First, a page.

What’s the Best Historical Comparison to Climate Change?
Looking for Policy Lessons in the Past
James Watt and the steam engine
If we, as a
species global society loosely cooperative set of nation states, really want to stop climate change, it would be nice to have some sort of historical success story on which to model our policies and actions.
I am not the first person to think this.
Climate change has been compared to efforts to address acid rain, the smoking epidemic, marriage equality, drunk driving, HIV/AIDS...the list goes on. It has been, in particularly heated moments, described as the next World War.
Some of these analogs feel more appropriate than others. Environmental policies like the Montreal Protocol at least make more intuitive sense than, say, the fight for all Americans to marry whomever they choose (though the Montreal Protocol has its own idiosyncrasies as well).
But in the seemingly endless search for historical comparisons, one omission stands out.
If responding to climate change is (mostly) about reducing anthropogenic greenhouse emissions to zero as soon as possible, then it’s (mostly) just about energy transitions: from high-carbon to zero-carbon. Energy transitions have happened before. One might think about studying them, not drunk driving or war, to better understand the climate challenge.
I wrote about this earlier this year in a review of Nicholas Stern’s recent book. I also tweeted as much earlier this week:
The smart responses I got all basically boiled down to “this time is different.” Sure we’ve moved from one energy fuel or technology in the past, I was told, but not at the scale or speed necessary to confront global climate change.
The idea here is that climate change is such a massive problem that we need to accomplish something that’s never been done before. Essentially, history does not provide any good lessons for approaching decarbonization.
The implication also seems to be that we need to move to lower quality energy sources--less “dominant” fuels, in Sabin’s terminology. Climate scientist Michael Tobis made a similar point:
So climate change is different because the fuel transition needs to move towards relatively less dominant and/or more costly fuels.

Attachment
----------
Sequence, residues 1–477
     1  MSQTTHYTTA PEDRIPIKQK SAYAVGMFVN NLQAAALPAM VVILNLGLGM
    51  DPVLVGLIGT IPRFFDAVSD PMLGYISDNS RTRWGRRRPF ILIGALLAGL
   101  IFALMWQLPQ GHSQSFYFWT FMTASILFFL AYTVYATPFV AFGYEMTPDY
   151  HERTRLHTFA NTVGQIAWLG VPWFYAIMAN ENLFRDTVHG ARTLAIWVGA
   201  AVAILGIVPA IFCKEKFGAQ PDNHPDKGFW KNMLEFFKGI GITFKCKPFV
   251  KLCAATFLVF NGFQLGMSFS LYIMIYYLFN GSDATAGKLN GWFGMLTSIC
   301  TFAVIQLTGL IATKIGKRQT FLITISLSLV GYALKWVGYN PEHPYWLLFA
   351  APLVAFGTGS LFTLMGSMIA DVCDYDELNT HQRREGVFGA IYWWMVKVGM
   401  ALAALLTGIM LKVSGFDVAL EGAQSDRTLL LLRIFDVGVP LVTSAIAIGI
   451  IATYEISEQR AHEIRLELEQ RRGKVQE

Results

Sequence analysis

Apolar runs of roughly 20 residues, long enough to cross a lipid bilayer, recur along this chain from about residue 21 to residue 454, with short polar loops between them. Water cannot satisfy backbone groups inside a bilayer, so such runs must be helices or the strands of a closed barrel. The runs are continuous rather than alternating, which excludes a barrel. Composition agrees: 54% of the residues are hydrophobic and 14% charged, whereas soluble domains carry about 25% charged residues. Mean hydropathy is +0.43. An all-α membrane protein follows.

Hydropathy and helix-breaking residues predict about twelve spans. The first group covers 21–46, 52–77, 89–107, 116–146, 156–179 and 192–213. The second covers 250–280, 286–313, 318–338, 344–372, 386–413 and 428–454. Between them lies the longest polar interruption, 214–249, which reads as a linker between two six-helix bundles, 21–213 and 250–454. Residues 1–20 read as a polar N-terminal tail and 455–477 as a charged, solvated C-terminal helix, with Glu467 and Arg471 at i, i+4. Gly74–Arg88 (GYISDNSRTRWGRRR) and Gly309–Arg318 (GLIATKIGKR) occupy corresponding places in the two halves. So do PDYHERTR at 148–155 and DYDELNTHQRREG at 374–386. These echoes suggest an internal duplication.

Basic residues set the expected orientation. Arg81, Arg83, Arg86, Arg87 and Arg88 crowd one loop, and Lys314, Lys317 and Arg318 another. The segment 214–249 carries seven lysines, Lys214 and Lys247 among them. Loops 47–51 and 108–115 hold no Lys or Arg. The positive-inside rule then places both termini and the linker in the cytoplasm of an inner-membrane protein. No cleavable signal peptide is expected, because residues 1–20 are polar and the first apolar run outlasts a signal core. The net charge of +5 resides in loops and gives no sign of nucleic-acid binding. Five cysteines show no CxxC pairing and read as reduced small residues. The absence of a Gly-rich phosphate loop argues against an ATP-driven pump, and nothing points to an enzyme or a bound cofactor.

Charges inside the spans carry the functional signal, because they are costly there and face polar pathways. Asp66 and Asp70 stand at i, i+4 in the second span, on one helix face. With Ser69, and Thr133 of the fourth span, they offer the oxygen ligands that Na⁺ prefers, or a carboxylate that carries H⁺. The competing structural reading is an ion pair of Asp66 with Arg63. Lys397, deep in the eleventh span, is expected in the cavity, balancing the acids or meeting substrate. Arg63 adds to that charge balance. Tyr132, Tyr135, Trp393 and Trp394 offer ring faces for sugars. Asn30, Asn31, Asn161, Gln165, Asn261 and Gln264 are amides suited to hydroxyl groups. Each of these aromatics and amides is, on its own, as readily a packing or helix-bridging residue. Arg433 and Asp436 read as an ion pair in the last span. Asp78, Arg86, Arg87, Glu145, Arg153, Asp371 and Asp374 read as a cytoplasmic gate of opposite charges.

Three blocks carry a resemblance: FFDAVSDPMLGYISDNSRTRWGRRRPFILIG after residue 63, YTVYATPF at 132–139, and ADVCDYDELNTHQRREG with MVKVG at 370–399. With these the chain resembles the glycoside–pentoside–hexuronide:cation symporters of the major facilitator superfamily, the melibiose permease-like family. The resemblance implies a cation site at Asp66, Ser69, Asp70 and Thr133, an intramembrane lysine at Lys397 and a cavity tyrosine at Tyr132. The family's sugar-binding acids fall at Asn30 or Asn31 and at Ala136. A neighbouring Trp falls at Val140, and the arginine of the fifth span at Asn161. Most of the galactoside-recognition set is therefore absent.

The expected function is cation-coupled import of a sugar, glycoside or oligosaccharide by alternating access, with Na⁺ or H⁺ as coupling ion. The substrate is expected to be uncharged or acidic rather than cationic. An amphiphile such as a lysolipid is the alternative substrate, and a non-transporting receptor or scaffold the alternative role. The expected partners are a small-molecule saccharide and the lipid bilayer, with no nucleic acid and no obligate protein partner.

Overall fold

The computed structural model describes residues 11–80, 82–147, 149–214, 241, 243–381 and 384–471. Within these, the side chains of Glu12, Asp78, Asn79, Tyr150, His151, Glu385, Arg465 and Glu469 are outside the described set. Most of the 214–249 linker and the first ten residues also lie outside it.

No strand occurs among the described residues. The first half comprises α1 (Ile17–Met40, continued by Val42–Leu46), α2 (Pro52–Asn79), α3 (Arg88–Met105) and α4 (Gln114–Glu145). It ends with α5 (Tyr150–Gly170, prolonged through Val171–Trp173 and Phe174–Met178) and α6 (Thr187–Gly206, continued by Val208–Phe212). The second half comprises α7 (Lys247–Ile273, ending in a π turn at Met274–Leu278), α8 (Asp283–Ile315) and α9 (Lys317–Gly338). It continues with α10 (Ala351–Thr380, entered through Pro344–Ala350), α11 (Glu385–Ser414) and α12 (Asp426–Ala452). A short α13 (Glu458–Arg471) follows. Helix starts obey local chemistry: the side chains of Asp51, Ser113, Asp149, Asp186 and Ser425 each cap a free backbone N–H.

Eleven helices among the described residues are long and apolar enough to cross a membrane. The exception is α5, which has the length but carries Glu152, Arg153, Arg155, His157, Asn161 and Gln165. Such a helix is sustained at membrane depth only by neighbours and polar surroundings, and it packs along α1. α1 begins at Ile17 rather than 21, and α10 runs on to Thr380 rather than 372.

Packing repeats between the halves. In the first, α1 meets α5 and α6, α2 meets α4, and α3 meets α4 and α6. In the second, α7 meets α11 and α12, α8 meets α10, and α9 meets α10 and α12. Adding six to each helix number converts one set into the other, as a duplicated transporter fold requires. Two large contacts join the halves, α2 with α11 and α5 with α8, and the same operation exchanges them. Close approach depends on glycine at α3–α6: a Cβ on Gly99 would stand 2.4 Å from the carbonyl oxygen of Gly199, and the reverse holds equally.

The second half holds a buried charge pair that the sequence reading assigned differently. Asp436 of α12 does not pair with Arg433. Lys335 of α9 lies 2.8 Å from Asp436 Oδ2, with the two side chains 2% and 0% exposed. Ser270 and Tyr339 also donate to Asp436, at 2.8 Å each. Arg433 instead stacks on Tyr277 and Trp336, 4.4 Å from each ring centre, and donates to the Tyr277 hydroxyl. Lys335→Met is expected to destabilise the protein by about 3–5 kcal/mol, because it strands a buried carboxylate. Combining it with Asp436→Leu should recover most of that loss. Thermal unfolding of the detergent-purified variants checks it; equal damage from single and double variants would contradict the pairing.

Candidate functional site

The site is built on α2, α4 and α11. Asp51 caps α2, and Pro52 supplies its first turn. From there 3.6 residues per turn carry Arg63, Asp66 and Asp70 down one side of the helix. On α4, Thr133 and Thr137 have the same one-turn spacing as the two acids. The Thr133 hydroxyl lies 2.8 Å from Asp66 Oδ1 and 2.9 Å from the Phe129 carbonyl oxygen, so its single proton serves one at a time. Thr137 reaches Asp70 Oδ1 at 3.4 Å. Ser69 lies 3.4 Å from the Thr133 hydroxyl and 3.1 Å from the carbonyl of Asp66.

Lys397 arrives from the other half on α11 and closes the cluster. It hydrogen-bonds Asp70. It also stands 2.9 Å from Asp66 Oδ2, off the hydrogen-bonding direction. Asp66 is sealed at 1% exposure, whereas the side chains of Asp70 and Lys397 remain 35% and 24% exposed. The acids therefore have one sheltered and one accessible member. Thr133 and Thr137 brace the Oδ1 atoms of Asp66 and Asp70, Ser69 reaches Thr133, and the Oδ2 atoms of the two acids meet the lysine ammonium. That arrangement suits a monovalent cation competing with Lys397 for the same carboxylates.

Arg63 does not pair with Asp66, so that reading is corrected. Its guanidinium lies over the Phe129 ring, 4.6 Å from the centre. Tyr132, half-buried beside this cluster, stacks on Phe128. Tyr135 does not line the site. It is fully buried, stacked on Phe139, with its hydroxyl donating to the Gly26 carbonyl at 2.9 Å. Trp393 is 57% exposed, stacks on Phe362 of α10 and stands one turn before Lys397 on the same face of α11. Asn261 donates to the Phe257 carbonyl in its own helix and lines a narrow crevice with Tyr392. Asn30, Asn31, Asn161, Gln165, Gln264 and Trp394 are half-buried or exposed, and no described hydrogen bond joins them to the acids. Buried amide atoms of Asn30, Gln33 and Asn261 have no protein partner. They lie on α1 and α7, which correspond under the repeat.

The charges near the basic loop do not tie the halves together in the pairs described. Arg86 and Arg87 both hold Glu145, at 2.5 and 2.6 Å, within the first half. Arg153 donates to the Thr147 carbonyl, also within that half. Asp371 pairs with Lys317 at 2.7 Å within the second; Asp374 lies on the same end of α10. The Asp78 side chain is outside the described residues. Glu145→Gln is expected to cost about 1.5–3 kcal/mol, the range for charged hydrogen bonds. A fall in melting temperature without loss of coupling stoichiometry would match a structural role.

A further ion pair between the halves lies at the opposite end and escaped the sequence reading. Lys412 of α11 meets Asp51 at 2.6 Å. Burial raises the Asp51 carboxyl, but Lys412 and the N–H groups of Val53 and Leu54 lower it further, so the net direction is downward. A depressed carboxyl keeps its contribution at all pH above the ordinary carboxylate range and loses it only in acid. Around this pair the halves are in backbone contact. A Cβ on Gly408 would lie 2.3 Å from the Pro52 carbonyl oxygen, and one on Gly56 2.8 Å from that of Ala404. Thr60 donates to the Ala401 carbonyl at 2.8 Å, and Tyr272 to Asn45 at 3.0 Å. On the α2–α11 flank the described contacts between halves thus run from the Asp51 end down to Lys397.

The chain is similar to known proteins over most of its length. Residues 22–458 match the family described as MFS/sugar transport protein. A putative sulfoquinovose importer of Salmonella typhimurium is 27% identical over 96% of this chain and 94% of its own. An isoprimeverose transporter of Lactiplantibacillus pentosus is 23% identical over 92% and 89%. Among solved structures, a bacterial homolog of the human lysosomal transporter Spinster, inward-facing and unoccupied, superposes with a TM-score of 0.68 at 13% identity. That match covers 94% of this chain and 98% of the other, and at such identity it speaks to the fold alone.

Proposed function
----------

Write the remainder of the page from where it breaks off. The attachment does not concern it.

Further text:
I have a couple thoughts about this.
The first is to generally agree. Energy transitions have tended towards higher-quality and cheaper fuels in the past: wood-to-coal, whales-to-kerosene, horses-to-cars, coal-to-gas, etc. In contrast, moving from fossil fuels to zero-carbon fuels like solar, wind, nuclear, and hydrogen is harder because fossil fuels are amazing and solar, wind, nuclear, and hydrogen all have their issues (intermittency, capital costs, storability, miscellaneous infrastructural obstacles, etc.).
But my second thought is that, even if climate change makes this energy transition different or more difficult...it’s still an energy transition. We should learn as much as we can from past energy transitions and fill in the rest.
I think the tendency to dismiss energy transitions as instructive for dealing with climate change is that there’s one big, inescapable lesson from pretty much all energy transitions: they’re slow. And to deal with climate, we need to move fast.
Sabin, Tobis, and others with whom I’ve had this discussion seem to think that overcoming the slow nature of energy transitions will require major policy action. I agree -- I happen to work for a policy think tank that focuses on environmental problems like climate change. But it’s not as if previous energy transitions occurred in a policy vacuum. The ongoing US coal-to-gas transition is the result of three decades of federal investment in fracking technologies (and is helped along by environmental regulations that penalize coal pollution). France’s nuclear grid was built by a deliberate national decision to move off of oil for generating electricity, and that energy transition remains one of the fastest forms of decarbonization ever.
So, after all that, I arrive back where I began. Energy transitions offer the best historical lessons for the energy transition we need to address climate change. The past can offer guidance over how to “aim” energy innovation to make solar, wind, nuclear, and other technologies closer to “dominant” over fossil fuels. The past can offer templates for policies that have delivered the most rapid and/or complete decarbonization.
And even so, the past might not tell us all we need to know about the future. But that’s not a reason not to study historical energy transitions. It’s a reason to learn as much as we can from them, instead of assuming there's no comparison to be found, or worse, grasping at straws for even weaker comparisons.
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